Monday, November 26, 2007


Here's something to ponder as you come out of the stupor from a long holiday weekend.

Do you consider our riding endeavours as a lifestyle or a way of life?

Last week we had some family over. My middle son had spent three weeks in Europe. During the course of the gathering Travis had the chance to show his pictures. They were on three CD's which we were able to show on our television.

In Paris there's this big square with the Louvre Museum, the Eiffel Tower, and the Arc de Triomphe in near proximity. Travis' picture of the Arc de Triomphe showed quite a number of motorcycles. Having the reputation of a motorcycle nut, the assembled group turned to me and made motorcycle related comments. What stuck in my mind was the comment someone made about me living a motorcycle "lifestyle".

Personally, I've never considered my enjoyment of riding and the use of bikes in my world as a lifestyle. To me, riding is a way of life. Here's the difference according to my mind.

The word "lifestyle", to me, denotes putting something on. My Merriam-Webster desktop dictionary has two definitions. The first definition is when the word is used as a noun. It states: A way of living.

The second definition is when the word is used as an adjective. It states: Associated with, reflecting, or promoting an enhanced or more desirable lifestyle.

To say someone lives a motorcycling lifestyle would then mean they were using the bikes to get somewhere they think is more desirable or enhanced than where they are. A lot of people do that very thing. There's a large group of riders to whom the bike is a prop in a play. When they put on their carefully contrived costume and sit on the bike the acting starts. These people use the bike to try to convince others that they're something different than what they really are. Ever notice that this extra "something" is more enhanced? Like it makes up for what they lack. They try to appear more "bad", "brave", "cool", or an "individualist". Among other things. I love this "let's all show our rugged individualism by dressing and acting exactly alike". Woe to anyone who actually has the nerve to be "different". They soon find themselves exiting the group.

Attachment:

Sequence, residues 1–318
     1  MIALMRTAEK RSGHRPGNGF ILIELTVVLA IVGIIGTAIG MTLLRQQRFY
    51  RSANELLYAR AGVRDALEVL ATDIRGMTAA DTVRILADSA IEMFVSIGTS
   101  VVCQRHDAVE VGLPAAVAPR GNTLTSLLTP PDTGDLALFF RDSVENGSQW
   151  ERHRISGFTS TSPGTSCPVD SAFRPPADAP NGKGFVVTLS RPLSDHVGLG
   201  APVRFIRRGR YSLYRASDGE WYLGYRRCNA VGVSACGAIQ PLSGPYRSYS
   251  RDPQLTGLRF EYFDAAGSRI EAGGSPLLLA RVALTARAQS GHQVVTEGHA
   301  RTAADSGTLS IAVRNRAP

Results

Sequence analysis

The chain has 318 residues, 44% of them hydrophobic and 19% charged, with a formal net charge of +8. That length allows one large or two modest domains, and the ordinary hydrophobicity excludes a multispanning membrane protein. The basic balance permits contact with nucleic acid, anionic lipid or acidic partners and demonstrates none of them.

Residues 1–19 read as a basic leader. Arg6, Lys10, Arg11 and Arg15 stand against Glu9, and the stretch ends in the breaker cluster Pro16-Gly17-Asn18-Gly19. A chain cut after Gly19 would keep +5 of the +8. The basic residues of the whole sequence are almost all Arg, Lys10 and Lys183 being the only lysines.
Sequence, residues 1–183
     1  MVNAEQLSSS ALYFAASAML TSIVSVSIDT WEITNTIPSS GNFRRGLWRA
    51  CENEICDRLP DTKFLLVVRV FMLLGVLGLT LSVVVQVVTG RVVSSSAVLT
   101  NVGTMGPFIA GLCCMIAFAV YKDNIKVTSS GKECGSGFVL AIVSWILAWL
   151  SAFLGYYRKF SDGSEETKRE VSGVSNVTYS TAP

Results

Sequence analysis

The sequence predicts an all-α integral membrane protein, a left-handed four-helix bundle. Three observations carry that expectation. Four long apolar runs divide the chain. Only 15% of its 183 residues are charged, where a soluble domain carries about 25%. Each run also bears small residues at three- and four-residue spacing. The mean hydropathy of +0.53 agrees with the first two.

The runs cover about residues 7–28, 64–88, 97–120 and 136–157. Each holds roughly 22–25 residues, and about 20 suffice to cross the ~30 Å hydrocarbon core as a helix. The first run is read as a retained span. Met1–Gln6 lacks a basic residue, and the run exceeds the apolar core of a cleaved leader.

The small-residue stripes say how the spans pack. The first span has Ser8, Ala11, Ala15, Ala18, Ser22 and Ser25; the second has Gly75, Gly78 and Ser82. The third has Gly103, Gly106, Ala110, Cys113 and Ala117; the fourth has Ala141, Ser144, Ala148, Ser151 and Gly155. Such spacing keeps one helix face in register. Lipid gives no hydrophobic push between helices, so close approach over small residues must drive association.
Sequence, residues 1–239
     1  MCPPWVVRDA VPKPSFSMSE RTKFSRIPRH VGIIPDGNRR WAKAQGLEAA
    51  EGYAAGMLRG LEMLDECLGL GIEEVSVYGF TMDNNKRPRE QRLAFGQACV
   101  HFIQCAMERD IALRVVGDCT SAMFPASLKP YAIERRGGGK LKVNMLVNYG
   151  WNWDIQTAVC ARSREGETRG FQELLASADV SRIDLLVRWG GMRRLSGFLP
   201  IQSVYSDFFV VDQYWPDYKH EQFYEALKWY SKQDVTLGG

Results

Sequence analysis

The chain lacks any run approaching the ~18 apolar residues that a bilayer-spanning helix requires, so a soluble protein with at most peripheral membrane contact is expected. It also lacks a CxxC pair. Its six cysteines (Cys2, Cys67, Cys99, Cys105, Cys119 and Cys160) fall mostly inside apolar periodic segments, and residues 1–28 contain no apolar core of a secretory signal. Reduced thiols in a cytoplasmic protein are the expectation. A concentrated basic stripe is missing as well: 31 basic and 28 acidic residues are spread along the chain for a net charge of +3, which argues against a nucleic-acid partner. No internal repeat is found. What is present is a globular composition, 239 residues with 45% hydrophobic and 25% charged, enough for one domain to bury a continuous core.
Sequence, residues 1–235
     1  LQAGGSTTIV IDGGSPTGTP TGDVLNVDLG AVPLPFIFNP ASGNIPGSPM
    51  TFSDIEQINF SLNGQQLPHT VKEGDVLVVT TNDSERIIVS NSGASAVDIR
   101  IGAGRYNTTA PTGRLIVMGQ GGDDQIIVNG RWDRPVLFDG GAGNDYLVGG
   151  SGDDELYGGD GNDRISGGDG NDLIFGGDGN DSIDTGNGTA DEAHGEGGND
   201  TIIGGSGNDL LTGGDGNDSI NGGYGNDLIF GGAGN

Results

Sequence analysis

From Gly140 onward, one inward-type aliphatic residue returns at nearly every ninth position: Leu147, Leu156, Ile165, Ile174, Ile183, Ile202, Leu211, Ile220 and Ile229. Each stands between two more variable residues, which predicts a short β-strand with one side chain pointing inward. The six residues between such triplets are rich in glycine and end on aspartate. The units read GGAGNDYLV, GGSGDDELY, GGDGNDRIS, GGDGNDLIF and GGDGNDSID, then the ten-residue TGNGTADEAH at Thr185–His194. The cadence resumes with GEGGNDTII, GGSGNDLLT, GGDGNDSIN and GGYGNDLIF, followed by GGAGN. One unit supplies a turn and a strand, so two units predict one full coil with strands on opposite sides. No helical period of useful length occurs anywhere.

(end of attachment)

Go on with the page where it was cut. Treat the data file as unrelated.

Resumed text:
I consider what I do to be a way of life. A bike is a tool the same as anything else. Sure, the bike is a lot more fun than a kitchen knife, but it's still a tool!

Here's the big difference I see between a way of life and lifestyle.

Riding a motorcycle has, indeed, added to the quality of my life. I've gained perspective and insights from riding. There's been added skills, a sense of confidence, and a satisfaction in overcoming adversity. These things are added to what I already have. Once added, they become mine. With or without the bike I am now a more complete person. One of my philosophies is,

"If you're not enough without it, you'll never be enough with it."

Those who use the bike as a means to "pretend" will never find what they're after. There's no real struggle, no humbling that comes from attempting something and not making it the first time or two. There's very little real sacrifice involved. Their instant gratification that comes from adopting a "lifestyle" is like a painting. It looks good but there's nothing behind it.

For those to whom motorcycling is a way of life, the depth comes a little at a time. Getting up and facing the cold ride each morning. Dealing with commuter traffic. Performing frequent maintenance on the bike because we actually put miles on it. Struggling to master a new skill and finally conquering. These are all things that are real; built upon by a series of small steps every day. Added to what we already own in our lives.

That's my take on it. Of course, I'm a motorcyclist, not a philosopher. This is only my own opinion. What do you think? Lifestyle or way of life?

Feel free to use the comment section to express yourself!

Miles and smiles,



Heinz & Frenchie said...

Very Profound! Great Read. For us it is neither a way of life nor a lifestyle. For us riding is a "joie de vivre".

Bill Sommers said...

I guess I'll throw in with the "way of life" group. After living on the tightrope of being a patch holder, and being known as a "biker," I now happily make my way through my days with a great fondness for riding. No uniform, no rules or rulers, just me and my scoot and the elements. It's a way of life. It's simple.

Have fun,

Anonymous said...

I started as a lifestyle to show off my scoot. Then in started to grow on me. After 20K miles in the last 10 months, it has become a way of life. I cannot tell you enough how uncomfortable I was the entire last week when I had to ride my truck. The life felt different.
It was then that I realized that the Swing is now a real part of my life and how much it adds to my way of living.

Anonymous said...

Hey Dad,